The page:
Harber’s History: Rutherford coverlets preserved in time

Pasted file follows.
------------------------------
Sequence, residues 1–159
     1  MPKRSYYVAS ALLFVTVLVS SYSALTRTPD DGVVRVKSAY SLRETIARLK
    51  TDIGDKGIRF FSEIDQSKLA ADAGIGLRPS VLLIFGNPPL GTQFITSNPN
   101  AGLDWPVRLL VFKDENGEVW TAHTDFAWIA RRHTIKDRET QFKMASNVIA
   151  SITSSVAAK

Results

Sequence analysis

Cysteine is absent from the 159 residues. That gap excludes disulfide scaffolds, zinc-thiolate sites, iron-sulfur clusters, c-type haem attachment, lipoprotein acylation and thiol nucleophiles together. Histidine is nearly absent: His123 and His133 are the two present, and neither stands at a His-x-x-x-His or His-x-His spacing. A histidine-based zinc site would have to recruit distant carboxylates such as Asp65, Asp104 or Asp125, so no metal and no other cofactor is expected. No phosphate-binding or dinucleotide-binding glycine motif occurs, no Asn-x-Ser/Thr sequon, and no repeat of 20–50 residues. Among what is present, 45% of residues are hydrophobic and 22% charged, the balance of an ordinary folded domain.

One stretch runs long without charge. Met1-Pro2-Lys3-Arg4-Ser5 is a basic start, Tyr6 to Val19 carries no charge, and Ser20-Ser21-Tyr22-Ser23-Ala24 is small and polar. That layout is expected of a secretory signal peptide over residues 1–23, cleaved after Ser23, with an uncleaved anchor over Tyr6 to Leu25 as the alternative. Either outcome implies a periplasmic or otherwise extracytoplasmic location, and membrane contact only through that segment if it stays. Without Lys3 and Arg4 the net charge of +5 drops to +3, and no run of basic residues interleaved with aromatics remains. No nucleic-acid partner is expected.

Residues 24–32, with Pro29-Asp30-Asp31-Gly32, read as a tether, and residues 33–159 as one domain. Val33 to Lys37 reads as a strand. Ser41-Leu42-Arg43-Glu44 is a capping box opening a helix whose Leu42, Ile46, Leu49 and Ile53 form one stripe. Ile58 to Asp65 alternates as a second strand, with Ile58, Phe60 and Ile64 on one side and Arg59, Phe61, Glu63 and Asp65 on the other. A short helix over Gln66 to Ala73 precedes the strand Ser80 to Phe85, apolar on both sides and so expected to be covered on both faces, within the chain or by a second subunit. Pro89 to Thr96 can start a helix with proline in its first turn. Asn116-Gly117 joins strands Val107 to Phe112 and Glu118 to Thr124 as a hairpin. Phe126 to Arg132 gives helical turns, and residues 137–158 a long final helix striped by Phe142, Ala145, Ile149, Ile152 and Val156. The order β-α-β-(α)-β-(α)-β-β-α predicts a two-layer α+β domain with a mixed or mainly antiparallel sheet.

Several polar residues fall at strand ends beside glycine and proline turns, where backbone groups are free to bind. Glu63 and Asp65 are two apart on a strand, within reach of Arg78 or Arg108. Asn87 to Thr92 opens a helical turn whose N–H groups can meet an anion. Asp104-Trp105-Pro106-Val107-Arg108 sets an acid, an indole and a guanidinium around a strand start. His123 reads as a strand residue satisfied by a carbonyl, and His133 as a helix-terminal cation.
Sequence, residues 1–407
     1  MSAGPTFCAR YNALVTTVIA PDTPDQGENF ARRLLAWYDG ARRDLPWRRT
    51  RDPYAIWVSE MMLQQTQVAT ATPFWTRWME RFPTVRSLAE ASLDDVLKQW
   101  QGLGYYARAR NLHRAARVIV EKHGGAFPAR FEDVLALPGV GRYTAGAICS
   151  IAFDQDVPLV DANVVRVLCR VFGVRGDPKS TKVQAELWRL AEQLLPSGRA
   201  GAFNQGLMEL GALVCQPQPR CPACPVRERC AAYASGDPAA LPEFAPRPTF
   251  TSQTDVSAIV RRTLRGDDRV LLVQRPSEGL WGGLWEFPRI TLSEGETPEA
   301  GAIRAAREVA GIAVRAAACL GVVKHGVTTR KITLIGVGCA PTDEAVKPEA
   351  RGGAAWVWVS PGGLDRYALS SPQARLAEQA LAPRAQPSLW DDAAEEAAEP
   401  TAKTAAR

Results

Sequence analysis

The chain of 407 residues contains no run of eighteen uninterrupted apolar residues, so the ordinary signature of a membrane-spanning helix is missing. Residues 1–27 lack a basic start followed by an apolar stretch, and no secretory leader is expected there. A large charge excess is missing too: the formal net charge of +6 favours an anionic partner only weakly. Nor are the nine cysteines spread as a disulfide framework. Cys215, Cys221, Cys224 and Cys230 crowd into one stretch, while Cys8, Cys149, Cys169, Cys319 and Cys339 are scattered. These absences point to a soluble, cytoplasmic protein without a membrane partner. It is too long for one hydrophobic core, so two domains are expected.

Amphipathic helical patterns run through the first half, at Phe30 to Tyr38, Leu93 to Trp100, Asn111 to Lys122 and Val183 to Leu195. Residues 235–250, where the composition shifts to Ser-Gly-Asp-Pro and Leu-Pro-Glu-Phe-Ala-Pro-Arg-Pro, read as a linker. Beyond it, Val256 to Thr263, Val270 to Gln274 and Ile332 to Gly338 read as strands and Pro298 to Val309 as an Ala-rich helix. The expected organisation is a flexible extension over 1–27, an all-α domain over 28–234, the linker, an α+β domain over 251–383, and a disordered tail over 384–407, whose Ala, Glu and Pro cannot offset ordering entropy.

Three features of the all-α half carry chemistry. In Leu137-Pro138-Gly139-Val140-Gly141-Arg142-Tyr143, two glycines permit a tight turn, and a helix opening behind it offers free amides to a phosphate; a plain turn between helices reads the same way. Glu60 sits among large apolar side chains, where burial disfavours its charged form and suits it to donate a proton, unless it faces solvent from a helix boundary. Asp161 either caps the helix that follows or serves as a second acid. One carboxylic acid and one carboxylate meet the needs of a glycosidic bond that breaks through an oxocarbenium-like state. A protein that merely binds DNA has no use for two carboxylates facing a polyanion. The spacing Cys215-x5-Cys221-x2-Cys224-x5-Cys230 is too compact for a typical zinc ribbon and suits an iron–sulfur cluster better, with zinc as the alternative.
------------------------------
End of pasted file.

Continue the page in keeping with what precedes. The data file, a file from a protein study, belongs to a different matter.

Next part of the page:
Susan, Harber, The Daily News Journal, February 19, 2017Editor’s note: This is the first story in a two-part series. Coverlets in Rutherford County of the 19th century were an artistic expression of high expertise. These exquisite gems are preserved over time from both Peru and Egyptian deserts in the pre-Columbian era (before 1492); and their beauty features antiquated textiles of fine weaving. The National Coverlet Museum in Bedford, Pa., displays the most pristine antique coverlets in the world. These twill hand-woven materials are vulnerable unless well-preserved. Humidity is a strong force to disintegrate fibers in a short time frame; yet, several exemplary coverlets remain ever-present from our Rutherford County artisans, who pioneered this craft as their own. Weavers showcased in this story preferred Overshot coverlets that utilized undyed cotton warp and weft with repeating geometric patterns enriched by a dyed woolen weft. The Overshot Pattern Block was woven of a supplementary weft of wool interlaced with plain weave and formed blocks of floating wefts. These coverlets crafted on a French Jacquard power loom (created 1801) utilized within a home manifest large-scale floral prints. Some weavers preferred double-weave (two-layer) coverlets. The loom read patterns from punched wooden cards held together in a long row by rope. Paper punched cards were used in the 20th century. The new loom allowed for a pioneer woman to weave 2 feet a day and proved a grand asset to this craft. The weft included threads woven back and forth with a shuttle, while the warp was the cotton threads placed on the loom. Coverlets were usually made of two woven panels joined with a center seam. Geometric coverlets had two seams with three panels joined. The length of the coverlet was woven twice and then hand-sewn together to create an adequate width to cover a bed. The weaving of one bedcover often encompassed one to two days of toil. Natural dyes were conceived from native trees, barks, roots and flowers within our county. Blue was a predominant color, as indigo was inexpensive and colorfast. Some dyes faded and blemished the textile. Much testing was required, and the skill was truly an art form. An excellent weaver from our county was Mary Ann Sanders Dill, whose pattern “Nine Snowballs and Table” is a masterpiece. The coverlet was woven in 1855, and the weave is Overshot. Mary Ann was born in Rutherford County in 1815 and died in 1900. She married at age 16 to Marvel “Jack” Dill on May 3, 1831. She bore 11 children and named one son Tennessee Dill. Her textile was 82 inches in length with a weft of natural cotton and red and blue wool with 3-loom widths joined. Mary Ann’s parents were Phillip and Elizabeth Bean Sanders. Elizabeth was Phillip’s second wife, bearing Thomas, Hiram, Lydia, Hale, Angie and Mary Ann (weaver). Mary Ann’s granddaughter Dora Dill Pattilo inherited the coverlet. A second outstanding weaver was Miss Josie Holland. She created a Counterpane (bedspread) textile in 1893 with a Huck weave that was 94 inches long. The coverlet was cotton and 3-loom widths joined. The cotton was hand-spun from the crop grown on her family farm. Josie’s niece Mattie Ines Holland Davidson inherited the coverlet. Then, the coverlet was given to Mattie’s daughter Elva Ruth Davidson Jackson. These historical textiles were primarily woven from 1771 to 1889. Many coverlets retained hard “wear and tear” and have not stood the test of time, while others were conserved and survive today as whole and very special. Our county weavers were smart and ambitious in this feat. In a second article, we will explore more talented Rutherford County weavers, who reached great heights in this endeavor with both ease and complexity. Contact Susan Harber at email@example.com.